ONE COMMON MISTAKE
The common mistake employers make when preparing a job description is assuming that the day-to-day responsibilities of the job are adequately addressed by the job title alone.  Although the job title may give you a general idea of which tasks an employee in the job might be expected to perform, the title alone just doesn’t answer questions about the details of an individual’s responsibilities within your organization.

For example:  In one organization, the HR manager may do a little of everything for the organization, while in another the responsibilities may be quite narrow.

Your job descriptions should provide an interviewer who has no personal knowledge of a job with enough information to weed out unsuitable applicants and send only the best qualified people on for further consideration.

In preparing a good job description, take a survey of others who have done the job before or observe someone who is performing the job.  Determine which qualifications the applicant must have to be able to perform the essential functions of the job.  These qualification standards must be job-related and consistent with business necessity.

Qualifications should include the required education, work experience, physical abilities, mental capacity, skills, licenses or certifications and other requirements such as judgment, ability to work under pressure, or interpersonal skills.

– California Employer Daily Newsletter

What is the biggest mistake in recruiting?

November 10, 2010

WHAT IS THE BIGGEST MISTAKE IN RECRUITING?

We are all aware of how legally dangerous the area of recruiting is and although there are a lot of potential mistakes – the biggest mistake is setting out without a clear picture of what you are actually looking for!  We need a clear and legal Job Description!

DID YOU KNOW?  Since the Americans with Disabilities Act, the government has mandated rewriting almost every description!

Applicants:
Let’s look at it from the point of view of the applicants.  They need to know what you are looking for to see if your job is a good fit for them.  If your Job Description of the open position is vague, you might see the really good candidates steering clear.  They will be able to tell that you don’t have your “act” together.  However, unqualified candidates will line up around the block! With a vague Job Description, almost all candidates can convince themselves that they are a good fit and are qualified for your job!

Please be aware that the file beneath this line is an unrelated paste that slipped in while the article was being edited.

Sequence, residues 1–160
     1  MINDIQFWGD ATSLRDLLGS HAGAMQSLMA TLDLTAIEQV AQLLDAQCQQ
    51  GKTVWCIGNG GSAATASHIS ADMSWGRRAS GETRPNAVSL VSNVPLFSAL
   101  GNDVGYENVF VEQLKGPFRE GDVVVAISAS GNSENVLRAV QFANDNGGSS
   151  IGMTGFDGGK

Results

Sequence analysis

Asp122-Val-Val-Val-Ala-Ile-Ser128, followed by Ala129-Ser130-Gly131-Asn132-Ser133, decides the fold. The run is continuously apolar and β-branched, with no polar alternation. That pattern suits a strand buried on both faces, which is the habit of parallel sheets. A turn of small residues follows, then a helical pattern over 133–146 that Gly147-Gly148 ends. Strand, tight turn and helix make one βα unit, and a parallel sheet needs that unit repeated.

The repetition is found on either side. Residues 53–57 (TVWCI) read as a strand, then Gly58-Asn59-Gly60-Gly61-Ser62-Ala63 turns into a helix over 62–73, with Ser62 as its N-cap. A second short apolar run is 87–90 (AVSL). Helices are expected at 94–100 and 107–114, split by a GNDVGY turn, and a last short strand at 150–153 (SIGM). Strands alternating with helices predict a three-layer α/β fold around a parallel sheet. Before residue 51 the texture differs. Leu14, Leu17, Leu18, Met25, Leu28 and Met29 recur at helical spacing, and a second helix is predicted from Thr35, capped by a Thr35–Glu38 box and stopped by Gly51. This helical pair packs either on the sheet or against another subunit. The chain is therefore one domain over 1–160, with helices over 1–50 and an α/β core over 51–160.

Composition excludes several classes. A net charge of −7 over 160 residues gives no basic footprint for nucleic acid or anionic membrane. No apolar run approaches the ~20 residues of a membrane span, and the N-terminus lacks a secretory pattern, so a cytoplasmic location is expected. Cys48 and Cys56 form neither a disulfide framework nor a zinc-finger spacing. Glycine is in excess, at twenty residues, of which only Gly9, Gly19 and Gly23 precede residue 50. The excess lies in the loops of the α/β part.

In this case, your pool of candidates doesn’t even include the best prospects and may be full of unqualified people that you have to search through.

The Evaluation Process:
Without a clear idea of what you are looking for, the evaluation processes are essentially meaningless. Your interviews will be more small talk and general beating-about-the-bush instead of actually having solid questions that relate to the job.  You may make a decision based on personality and likeability instead of if the applicant is really a fit for the position.

If you do make a job offer, what is the likelihood that you will end up with a well-qualified hire? Not high.

Start with a Job Description:
The bottom line is that if you have used a well-written job description to prepare recruiting materials, applicants can make a much more focused decision as to whether your open position is a good fit for them.  The better candidates will eagerly apply when they see a believable job description that matches their expertise.

Unqualified people will still apply, but most will screen themselves out and the ones who don’t won’t be surprised when they don’t advance to the next round!

Selection:
With a clear list of job skills, abilities, and competencies you need for your open position, you can prepare a list of questions to find out what you need to know about the candidates.

This article adapted from HR Daily Advisor